The smartphone application is a feature that you don’t have with the AirPods.
Meanwhile, both devices do allow functionality by tapping, double-tapping, and for Samsung, triple-tapping the earbuds. What happens is determined in the app, for Samsung, and on the iPhone Bluetooth settings, for the AirPods.
With the Galaxy Buds app, you can configure the device in a couple of ways, the AirPods will only allow you to decide whether Siri, Next Song, etc… when you double tap.
Lastly, both devices can charge wirelessly through a charging mat. Ironically, the AirPods 2 will charge on top of a Samsung phone.
Based on auditory performance, both devices work great. You can listen to music and listen to phone calls with good quality.
However, there are some things that both devices differ from, and one of them is based on how they are made and worn.
The Galaxy Buds allows more bass and sound to enter your ears because it’s more confined in terms of how they are placed. It has better sound isolation compared to the AirPods that’s more lightly placed.
Moreover, there’s an ambiance regulating feature in the Galaxy Buds that allows it to magnify surrounding noise like a car honking behind you or people talking. Although it’s a great feature, it still needs those ambient noises to be functional.
On the other hand, the AirPods receives sound better. You can normally talk to someone over the phone,
And, another feature about the AirPods is it incorporates fully into the Apple ecosystem. Meaning, you can connect your AirPods across your various Apple devices under the same Apple ID. A feature, which the Galaxy Buds doesn’t have. You will need to disconnect and manually connect when you’re going to use it with different devices.
Overall, it’s a hard decision to choose between a Samsung and an Apple. They are both pretty nifty devices but it will depend on your personal taste.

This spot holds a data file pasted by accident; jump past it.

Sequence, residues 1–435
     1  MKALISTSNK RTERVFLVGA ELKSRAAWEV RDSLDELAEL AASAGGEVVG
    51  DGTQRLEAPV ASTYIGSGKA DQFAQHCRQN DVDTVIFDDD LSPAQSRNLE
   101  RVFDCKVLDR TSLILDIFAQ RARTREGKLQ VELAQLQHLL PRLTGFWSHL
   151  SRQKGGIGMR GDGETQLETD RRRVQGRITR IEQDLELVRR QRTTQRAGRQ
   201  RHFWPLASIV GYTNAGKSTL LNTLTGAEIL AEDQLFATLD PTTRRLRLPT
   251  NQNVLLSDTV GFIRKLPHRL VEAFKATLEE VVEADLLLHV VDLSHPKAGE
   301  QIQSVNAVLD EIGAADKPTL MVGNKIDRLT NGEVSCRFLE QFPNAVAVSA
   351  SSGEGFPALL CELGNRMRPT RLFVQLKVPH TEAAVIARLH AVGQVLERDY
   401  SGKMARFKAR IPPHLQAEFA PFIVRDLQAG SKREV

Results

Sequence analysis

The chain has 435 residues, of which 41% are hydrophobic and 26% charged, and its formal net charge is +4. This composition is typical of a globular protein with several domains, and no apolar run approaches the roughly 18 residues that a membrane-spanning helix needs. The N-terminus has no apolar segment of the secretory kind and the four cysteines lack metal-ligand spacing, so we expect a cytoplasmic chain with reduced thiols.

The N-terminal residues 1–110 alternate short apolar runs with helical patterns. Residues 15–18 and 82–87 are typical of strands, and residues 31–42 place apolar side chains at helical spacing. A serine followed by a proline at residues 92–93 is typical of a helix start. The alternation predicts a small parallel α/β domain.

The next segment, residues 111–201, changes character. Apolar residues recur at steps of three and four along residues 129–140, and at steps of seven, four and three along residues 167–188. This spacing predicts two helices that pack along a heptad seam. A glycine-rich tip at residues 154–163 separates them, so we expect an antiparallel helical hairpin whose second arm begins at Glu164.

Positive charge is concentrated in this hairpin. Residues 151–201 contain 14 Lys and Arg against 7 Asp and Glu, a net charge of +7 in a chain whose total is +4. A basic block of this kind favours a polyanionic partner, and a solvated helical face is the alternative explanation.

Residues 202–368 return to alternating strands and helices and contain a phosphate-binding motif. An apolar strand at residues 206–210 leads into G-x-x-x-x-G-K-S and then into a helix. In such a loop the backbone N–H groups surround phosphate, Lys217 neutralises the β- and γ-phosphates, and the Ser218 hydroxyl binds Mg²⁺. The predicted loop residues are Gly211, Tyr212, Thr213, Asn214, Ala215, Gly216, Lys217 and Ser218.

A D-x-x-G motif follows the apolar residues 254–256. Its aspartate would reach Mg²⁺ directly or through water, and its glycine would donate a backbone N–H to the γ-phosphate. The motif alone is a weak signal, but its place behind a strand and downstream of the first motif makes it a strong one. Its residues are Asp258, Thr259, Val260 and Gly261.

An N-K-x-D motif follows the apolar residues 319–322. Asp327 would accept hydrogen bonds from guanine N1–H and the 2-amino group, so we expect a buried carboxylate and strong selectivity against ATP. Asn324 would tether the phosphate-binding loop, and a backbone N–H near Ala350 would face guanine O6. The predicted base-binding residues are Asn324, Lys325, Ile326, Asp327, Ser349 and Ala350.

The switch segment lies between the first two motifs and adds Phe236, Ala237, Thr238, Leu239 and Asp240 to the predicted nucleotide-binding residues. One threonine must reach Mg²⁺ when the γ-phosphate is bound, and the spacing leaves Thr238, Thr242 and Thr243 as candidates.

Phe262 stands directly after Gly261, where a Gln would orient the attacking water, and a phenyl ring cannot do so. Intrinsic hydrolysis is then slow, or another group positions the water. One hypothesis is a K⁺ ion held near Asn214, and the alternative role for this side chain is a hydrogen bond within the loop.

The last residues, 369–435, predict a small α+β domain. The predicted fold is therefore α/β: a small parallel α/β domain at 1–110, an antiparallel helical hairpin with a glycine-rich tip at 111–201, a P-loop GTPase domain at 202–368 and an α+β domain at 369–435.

The AirPods, in all honesty, comes with great marketing elevating it to become a status symbol. That is, of course, aside from getting a device that functions well and wears comfortably.
However, if you’re more concerned about the sound quality and how you can maximize the device, the Galaxy Buds will allow you to do that with the added smartphone application.
But it’s still a mix and match, so we can’t really decide for you. Who knows, maybe it’s the $30 difference.
The Race Of Smartwatches: Apple Leads, Samsung And Fitbit Coming Close.
Apple’s Apple Watch Series still takes first place on the market for smartwatches with a total of 51% global market share, but Samsung’s catching up overtaking Fitbit and Garmin.
The market for smartwatches increased an impressive 56% annual from 11.6 million units in Q4 2017 to a record 18.2 million in Q4 2018.
Last year’s Apple Watch Series 4 refined Apple’s wearable formula to deliver on its original vision. However, it was not able to retain all of its market shares as other brands are focusing their attention to the smartwatch market.
Despite Apple’s drop in market share, it is still selling more smartwatches than ever before. Apple’s shipments increased by 1.4 million units compared to the same quarter in the previous year, for a total of 9.2 million units shipped in Q4 2018.
Meanwhile, Samsung’s Galaxy Watch felt like a fresh start for the brand even if its execution was lacking. Meanwhile, Fitbit released the Versa, a cheaper second generation smartwatch that improved on a lot of the original’s problems.
“Samsung shipped 2.4 million smartwatches worldwide and captured 13 percent global smartwatch market share in Q4 2018, rising strongly from 5 percent market share a year ago. Samsung is once again the world’s second largest smartwatch brand. Its new Galaxy Watch proved popular in North America and Asia. Samsung has a good pipeline of new models for 2019, such as the innovative Galaxy Watch Active with blood-pressure tracking, and Samsung should perform well this year,” said Steven Waltzer an Industry Analyst at Strategy Analytics
Neil Mawston, Executive Director at Strategy Analytics, added, “Fitbit captured 13 percent global smartwatch market share in Q4 2018, tripling from 4 percent in Q4 2017. Fitbit is becoming established as a top-tier smartwatch brand. Fitbit is very popular in the United States market. Fitbit’s Versa smartwatches are gaining mass-appeal, and its new Fitbit Care connected health platform is a useful differentiator for the brand.”